The next piece of writing that mentions Hengist and Horsa is the Historia Brittonum (The History of the Britons), commonly attributed to Nennius, a Welsh monk who lived during the 9 th century AD. In this work, the brothers were not invited by Vortigern to Britain, but were exiled from their homeland, and found their way to the island’s shores. They were welcomed by the king, and allowed to settle on the island of Thanet. Subsequently, Vortigern made an agreement with the Saxons, promising them provision and clothing in return for their assistance against his enemies. Vortigern, however, was not able to fulfil his promise, as the number of Saxons had greatly increased, and therefore began seeking a way to break the alliance.
Nennius portrays Hengist as a cunning leader. When the Saxon leader learned of Vortigern’s plan, he requested the king’s permission to bring more men from Germany to fight for him. For one reason or another, the king granted his request. After the arrival of the newcomers, Hengist gave a feast, and Vortigern was invited. Amongst the newcomers was Hengist’s daughter, who was asked by her father to serve the king alcohol in order to get him drunk. In a state of intoxication, Vortgern demanded Hengist’s daughter, and promised the Saxon chief anything he wanted. Hengist asked for the province of Kent, and it was given to him.
Depiction of Hengist presenting his daughter, Rowena, to Vortigern. (William Hamilton / Public domain)
As time went by, more and more Saxons were invited by Hengist to Britain, and came to reside in Kent. Eventually, war broke out between the Britons and the Saxons. Vortigern had gone into hiding, so his son, Vortimer, fought against Hengist, Horsa, and the Saxons. The war was inconclusive, as the Britons won some battles, whilst the Saxons others. After Vortimer’s death, however, the Saxons became unstoppable.
Vortigern, despite being a weak ruler, was still considered to be an obstacle, and Hengist came up with a plan to get rid of him. The Saxons sent a messenger to the king to offer peace and perpetual friendship, which Vortigern accepted. The king, his nobles, and military leaders were invited to feast to celebrate the ratification of the treaty. When the Britons were sufficiently drunk, Hengist shouted ‘Nimed eure saxes!’ (‘Get out your knives!’). The Saxons, who had been concealing knives, took them out, and began slaughtering the Britons.
Only Voltigern was spared, in exchange for Essex, Sussex, and Middlesex. According to Nennius, the Saxons were defeated shortly after that by Saint Germanus, the Bishop of Auxerre, “the blessed man was unanimously chosen commander against the Saxons. And then, not by the clang of trumpets, but by praying, singing hallelujah, and by the cries of the army of God, the enemies were routed, and driven even to the sea.”
Stain glass window depiction of Saint Germanus, the Bishop of Auxerre, in Truro Cathedral, England. (Public domain)
Compared to the earlier sources, it is clear that the story of Hengist and Horsa had been embellished by the time Nennius was writing, or perhaps by the monk himself. In addition, the author used this story to highlight the struggle between the Christian Britons and the pagan Saxons, in which the former ultimately emerges triumphant. This is evident in the final defeat of the Saxons by a holy man. Nennius’ version of the story serves as the basis of Geoffrey of Monmouth’s The History of the Kings of Britain. Nevertheless, the story is expanded upon, and some details are changed.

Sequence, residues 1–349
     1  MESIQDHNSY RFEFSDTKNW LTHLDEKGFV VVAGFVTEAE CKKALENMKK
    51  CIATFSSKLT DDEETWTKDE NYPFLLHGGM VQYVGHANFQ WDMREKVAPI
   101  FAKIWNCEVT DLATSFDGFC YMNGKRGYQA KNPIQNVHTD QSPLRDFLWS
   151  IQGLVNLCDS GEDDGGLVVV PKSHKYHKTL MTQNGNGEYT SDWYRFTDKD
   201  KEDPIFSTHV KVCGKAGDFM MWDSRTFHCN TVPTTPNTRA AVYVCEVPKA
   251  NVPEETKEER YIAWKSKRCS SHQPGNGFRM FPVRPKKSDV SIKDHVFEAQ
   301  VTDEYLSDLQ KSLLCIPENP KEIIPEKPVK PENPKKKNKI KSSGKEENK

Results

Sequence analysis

Geoffrey of Monmouth’s History: Merlin’s Prophecy
The story of Hengist and Horsa in The History of the Kings of Britain follows a similar trajectory to the one written by Nennius, though some changes and additions can be detected. For instance, there is the story of the building of Thancastre. In this tale, Hengist asked the king for permission to build a fortress on a piece of land that can be encompassed with a piece of leather thong, which was granted. Hengist took a bull’s hide, made a thong out of it, and encompassed a rocky place where he intended to build his stronghold. Having done so, Hengist built his castle, which came to be known as Thabcastre, meaning ‘Thong Castle’.
Unlike Nennius, Geoffrey of Monmouth’s version of the story has the Saxons defeated by a pair of brothers – Aurelius Ambrosius and Uther Pendragon. The defeat of the Saxons was prophesized by the wizard Merlin,
“The faces of the Saxons shall look red with blood, Hengist shall be killed, and Aurelius Ambrosius shall be crowned. He shall bring peace to the nation; he shall restore the churches; but shall die of poison. His brother Uther Pendragon shall succeed him, whose days shall be cut short by poison.”
A crude illustration of Aurelius Ambrosius from a 15th century Welsh language version of Geoffrey of Monmouth’s "Historia Regum Britanniae". (Geoffrey of Monmouth / CC0)
Merlin’s prophecy came true, as Aurelius led the Britons to victory against the Saxons at Maisbeli and Cunengeburg. As for Hengist, he engaged in a duel with Eldol, the Duke of Gloucester, and was defeated. The duke was the only Briton to have escaped from Hengist’s treacherous feast, during which the Britons were massacred by their Saxon hosts. Eldol had his revenge by beheading Hengist. Octa, Hengist’s son, and Eosa, a kinsman of Hengist, retreated to York and Alclud respectively. The two Saxon leaders surrendered to the Britons. Aurelius allowed them to inhabit the part of the island bordering Scotland, and made a covenant with them. Thus, the Saxon threat came to an end.
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Modern Challenges to Invasion Theory
The literary sources about Hengist and Horsa have shaped the traditional narrative about arrival of the Anglo-Saxons in Britain. For a long time, it was agreed that Germanic tribes, such as the Angles, Saxons, and Jutes, invaded Britain, and forcibly displaced the native Britons. In more recent times, however, new sources of information have allowed scholars to challenge these long-held views.
The archaeology of the Anglo-Saxon period, for instance, suggest that cultural practices in Britain during that period were not imported by the Germanic invaders, and imposed onto the native population. Instead, it has been suggested that these practices were developed and adapted from pre-existing Romano-British ones. As another example, field layouts and boundaries from the Romano-British, or even prehistoric period, were maintained during, and beyond, the 5 th century AD. This suggests that the arrival of the Anglo-Saxons did not cause massive political upheaval on the island.
Although the scholarly opinion about the Anglo-Saxon arrival in Britain has changed in modern times, this does not mean that the literary sources have become obsolete. On the contrary, the tale of Hengist and Horsa, as well as its evolution over the centuries, provide some insight into the world view of the men who were writing (and re-writing) the tale. At the very least, the story makes for interesting reading.
Top image: Representation of Hengist and Horsa. Source: Brambilla Simone / Adobe stock
By: Wu Mingren